Medical Malpractice (JD/MD)

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Re: Medical Malpractice (JD/MD)

Postby kings84_wr » Fri Dec 11, 2015 2:34 pm

Clearly wrote:
FutureLitigator wrote:
Clearly wrote:I don't think it will have any bearing on your ability to practice med mal, or really even to attract clients. I'm no med-mal expert, but its all based on standard of care. You don't need to prove the doctor messed up, you need to prove the doctor messed up worse than other doctors, or did something other doctors don't do, or failed to do something other doctors would have done. The standard of care is always changing, and is very specialty specific, and even regionally specific (although shifting towards a national standard). Without lots of practical field experience in the same specialty, around the same time, and possibly in the same region, you won't really have any more guidance in picking clients than an ordinary lawyer would.

What I was referring to was that I would actually know which cases were Med Mal. You can't subpoena until you file a case, so how can I get expert opinion if I don't have the records for an expert to look at, or to get the expertise for cases I don't plan on filing? Yes, I can have an in-house MD or go to guy for all of this, but how can I rely on having experts look at 100s of cases I don't plan on taking, or to pick the right ones for me? I mean but Med School ain't gonna do that for me neither, lol. I guess it will have to come from repetition,

I am talking about a solo practice & I wouldn't necessarily want to spend my resources on experts for cases I won't take in the first place, unless I know there is something there where me paying for experts will pay off

I'm not sure you need to subpoena to get information. I'm not positive about this, but I suspect most of the medical records you would need to decide to pursue a case can just be requested by your client under HIPAA

Exactly - the provider has to give the medical records pre-suit (though sometimes they still delay like crazy). The one medmal case I've done, we obtained all the medical records. We then hired experts pre-suit and had them draft reports before we filed (mostly because of the requirements in our state for expert reports).


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Re: Medical Malpractice (JD/MD)

Postby jefflowenthal » Tue Aug 22, 2017 5:14 pm

The JD/MD dual degree can be extremely useful for medical malpractice practice. It is not necessary, but those who have a medical background most certainly have a leg up on other folks who are just getting started in the area. Medical malpractice is an extremely complex area, and if you already know the medicine, it can be very helpful. I recommend that if you want to get a JD/MD that you get the MD first. The MD takes longer and is, frankly, much more difficult.

Let the energy of youth help you through the incredibly long hours, especially if you plan on going through a residency. Then go and get your JD. You cannot attend law school and med school at the same time, unless you attend a school which specifically offers that joint degree. It is simply impossible to otherwise manage the course load or the schedule. The good news is that there is such a thing as a joint JD/MD and you might consider looking into that.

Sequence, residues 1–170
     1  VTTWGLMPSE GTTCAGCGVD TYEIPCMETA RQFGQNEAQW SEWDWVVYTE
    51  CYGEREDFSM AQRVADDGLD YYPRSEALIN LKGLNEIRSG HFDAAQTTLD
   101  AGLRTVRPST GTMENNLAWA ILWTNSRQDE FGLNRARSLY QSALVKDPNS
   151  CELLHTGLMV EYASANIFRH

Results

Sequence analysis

For example, both Duke University School of Law and Penn offer this joint degree. Another option is to consider a nursing degree, which will still provide you with a solid background in medication. Not that getting a nursing degree is easy, by any stretch, but it does not take quite as long as an MD and it is not quite as expensive. Yes, you also might consider simply taking classes to help you learn about medicine. There are continuing education seminars for lawyers that you can take which might give you some of the knowledge you seek. Obviously, they are not the same as an MD or a RN.

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Re: Medical Malpractice (JD/MD)

Postby radio1nowhere » Tue Aug 22, 2017 9:23 pm

Comparing a first-year attorney with an MD to a first-year attorney without an MD: sure, you might get a small but nonzero boost from the MD.

But since doing a joint JD/MD is going to cost you three more (non-earning) years, you should really be comparing a first-year attorney with an MD to a fourth-year attorney without an MD: I can't imagine being better off in the first scenario, especially given the fact that you would be in significantly more debt. And solo practice medmal is far from a surefire way to make a bunch of money to pay off that debt, to say the least.

I would say that if you're qualified enough to get into med school and interested enough to actually do it, you should just be a doctor and forget the JD. Much safer route to getting a good job with good money. If you'd only be forcing yourself through med school to get the other side and start doing medmal, just do the JD and use those extra three years to gain whatever experience you need to be a good medmal attorney without racking up more debt.

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